There's plenty for Chancellor Merkel and President Obama to discuss on her visit to Washington, says political scientist Christian Hacke. Just don't expect them to find as much common ground as they used to.
DW: Mr. Hacke, the German Chancellor, Angela Merkel, is visiting Washington for the first time since being re-elected. This is also Merkel's first meeting with US President Barack Obama since it emerged that America's signals intelligence agency, the NSA, eavesdropped on the Chancellor's cell phone. Has the Atlantic divide widened since then?
Christian Hacke: It certainly hasn't lessened. The Americans' actions were a huge breach of trust, and that has had ongoing effects - on a personal level as well as in terms of mutual relations.
Will Angela Merkel even mention the unpleasant subjects, such as the NSA affair, on this trip?
Yes, I think she will. But over the past few months, in the run-up to this visit, we've seen that the United States, and especially President Obama, have not allowed themselves to be particularly impressed by Germany's rebukes.
And there's a reason for that. From a technological standpoint, the Americans have attained an exceptional position in the military field, namely a monopoly in terms of cyber warfare, drones, and the ability to spy on others. To begin with, the US will not surrender these three components, and will try to maintain its unique position. The paradox of this, however, is that despite overwhelming technological capabilities, both the US' foreign policy and its security policy have been unsuccessful almost across the board.
So Germany shouldn't assume the US is going to back down now, either?
No. We have to take a level-headed look and acknowledge that our interests have moved apart. This difference in interests was always latently present. But it was never serious. Our shared values were what mattered. There was always a closeness and readiness to listen to the other and take on the other's positions. What mattered, then, was that there was a constructive rivalry in the transatlantic relationship.
And that's been lost?
It's been lost, because the problems also show that we have substantially different views. Previously, America was overwhelmingly powerful, and Germans had less say in global politics and in Europe. Today, the US is having to come to terms with a considerable loss of power. It has also become unwise in many respects. In his second term, Barack Obama is increasingly displaying aspects of an arrogance of power in a way we didn't see before.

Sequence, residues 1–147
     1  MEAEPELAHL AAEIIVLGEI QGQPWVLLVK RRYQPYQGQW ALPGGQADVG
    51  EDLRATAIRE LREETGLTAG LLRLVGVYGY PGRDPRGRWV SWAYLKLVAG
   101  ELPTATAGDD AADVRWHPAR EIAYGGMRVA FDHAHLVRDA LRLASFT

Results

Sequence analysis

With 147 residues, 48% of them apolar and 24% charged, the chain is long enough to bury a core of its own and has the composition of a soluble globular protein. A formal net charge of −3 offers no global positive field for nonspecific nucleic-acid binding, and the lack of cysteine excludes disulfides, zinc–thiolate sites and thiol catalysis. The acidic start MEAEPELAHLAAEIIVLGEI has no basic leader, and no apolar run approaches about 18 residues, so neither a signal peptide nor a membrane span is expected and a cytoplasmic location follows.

Washington is taking a hard line against Moscow in the Ukraine crisis. Is that also in the German interest?
Germany should not allow itself to be used by either the US or by Russia. The Chancellor and the Foreign Minister are working together on this. They are both very cautious and have considerable reservations about the Americans' relatively hard position - which is to say, sanctions. Because when the Americans send up NATO reconnaissance planes somewhere, it's all just to demonstrate to the public, "We're doing something." But in reality, the West has lost both the will and the capability to show Putin: We are stronger militarily, and politically more decisive.
Isn't this all the more reason to maintain a common approach to this crisis?
Germany has central, important interests where Russia is concerned. These are stronger and, in the long term, more important for us than the question of how the Ukraine crisis will be resolved. This is unpopular, but in the long term it is more important than getting involved in a confrontation in the Ukraine and thereby possibly doing the Americans a favor. They're not actually remotely interested in this, either. I'm quite sure that the chancellor will say very clearly in Washington that we have to contain the crisis there. She will do everything in her power to ensure that the crisis doesn't escalate further.
What will be the outcome of Merkel's trip? Mission accomplished - trust re-established?
No, I don't think so. We won't see any breakthrough. We'll of course hear her rhetorically reinforce common values and transatlantic interests. Perhaps they'll try to emphasize some small point or another, but in the key questions it's clear that we are moving into a time in which - for whatever reasons - Europe, and Germany too, will scale down transatlantic ties. As an old transatlanticist, I see that with a tear in my eye.
Christian Hacke is an emeritus professor at the Institute for Political Science and Sociology at Bonn University. His studies focused on, among other things, US foreign policy and transatlantic relations.